Raw Color's campaign for Dutch Invertuals Fundamentals exhibition, October 2017 Photo © Raw Color; courtesy of Dutch Invertuals AR: Can you tell us more about your relationships with the designers you have worked with?

WP: I do my research on young designers—I select or “scout” them so to say. Their work ethic and approach has to fit within the mentality of our collective. Then it is very important to develop a close relationship with each individually. You have to know a designer on a personal level to get the best out of them and to create a comfortable group dynamic. So we see each other every two weeks. And I coach them in a way to take their work to the next level.  

AR: After almost 20 exhibitions in Eindhoven and Milan since 2009, what changes have you noticed in the field of design?

WP: What I notice is that a lot of designers don’t want to be superstars anymore; they don’t want to be famous. They like to team up and work together. It is necessary to work in this way, to push design into a new direction, to create totally new objects and thinking patterns. So, in a way, design has become more transparent and more about sharing knowledge. Together within this field we explore our future and our habitat. We’re creating usable rather than functional objects.

AR: Do you think Dutch design is different from other national design expressions?

WP: There is a strong sense of social responsibility and awareness of our future in Dutch design nowadays. Exhibitions and events show that designers here are trying to make a difference in various ways. It is not entirely about the best [selling] product anymore; rather it’s about being socially responsible, shaping the future, and embracing it.

AR: Dutch Invertuals is focused on bringing vision, research, experimentation, and passion to design. But every show presents a quite interesting selection of objects to collect. What is your idea about collectible design?

WP: It’s in our nature—our instinct—to collect. It’s something that humans will always be fascinated by. The objects created by the Dutch Invertuals collective look usable, but they don’t have a function yet. The language of form and their personality is what makes them collectible. It’s not our core business though. Our focus is more about shaping narratives then about showcasing collectible design. We’re not only making expositions; we’re also presenting our insights in other forms, such as developing interiors and creating trend books. In this way, we also share our knowledge and experience with consumers and businesses.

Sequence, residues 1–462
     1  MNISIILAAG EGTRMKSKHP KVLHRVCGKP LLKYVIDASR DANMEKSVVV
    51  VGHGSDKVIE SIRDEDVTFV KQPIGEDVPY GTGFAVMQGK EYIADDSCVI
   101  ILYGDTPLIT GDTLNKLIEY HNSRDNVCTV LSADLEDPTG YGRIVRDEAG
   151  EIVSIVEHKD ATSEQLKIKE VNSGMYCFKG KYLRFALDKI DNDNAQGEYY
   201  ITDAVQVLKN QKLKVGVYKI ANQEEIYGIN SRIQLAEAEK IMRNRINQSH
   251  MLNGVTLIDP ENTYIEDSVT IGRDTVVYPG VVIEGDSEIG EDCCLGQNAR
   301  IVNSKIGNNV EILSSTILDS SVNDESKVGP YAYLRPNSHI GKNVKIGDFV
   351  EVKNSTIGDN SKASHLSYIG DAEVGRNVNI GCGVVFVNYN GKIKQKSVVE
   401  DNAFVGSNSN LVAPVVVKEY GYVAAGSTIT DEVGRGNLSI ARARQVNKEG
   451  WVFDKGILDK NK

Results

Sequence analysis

AR: Tell us something about your audience.

WP: We have our “ambassadors”—people who have been following us from the start. I’m talking about designers, curators, art dealers, and trend-watchers. They want to stay on top of these kinds of things, to be inspired, and to soak in new ideas like sponges. They eventually take these ideas home and use them for their own practices.

AR: Your next plans for Dutch Invertuals?

WP: After 8 years, we evolved into a mature brand. We will continue to push our boundaries and pioneer, of course. But, for instance, we started this year making windows for Selfridges in London. We are excited about a number of new projects that are coming up. Together with our partner in crime, [Eindhoven-based multidisciplinary architectural collective] Edhv, we are making visionary plans for holiday houses. In four months, we have Salone del Mobile, and an exciting expo at the end of this year in our hometown Eindhoven during the Dutch Design Week. We’re also researching and creating content for our book, which in a way celebrates our 10th anniversary.

 

The next edition of Dutch Invertuals, Mutant Matter, co-curated with Franklin Till, will be open to the public during this April's Salone del Mobile at Via Pastrengo 12 in Milan. Watch this space! 

  • Text by

    • Annalisa Rosso

      Annalisa Rosso

      Annalisa is a freelance journalist, trendsetter, and independent curator often hired as an Italian correspondent on design and contemporary art. She is curious about everything, always looking for something new. Because unrest is a good engine.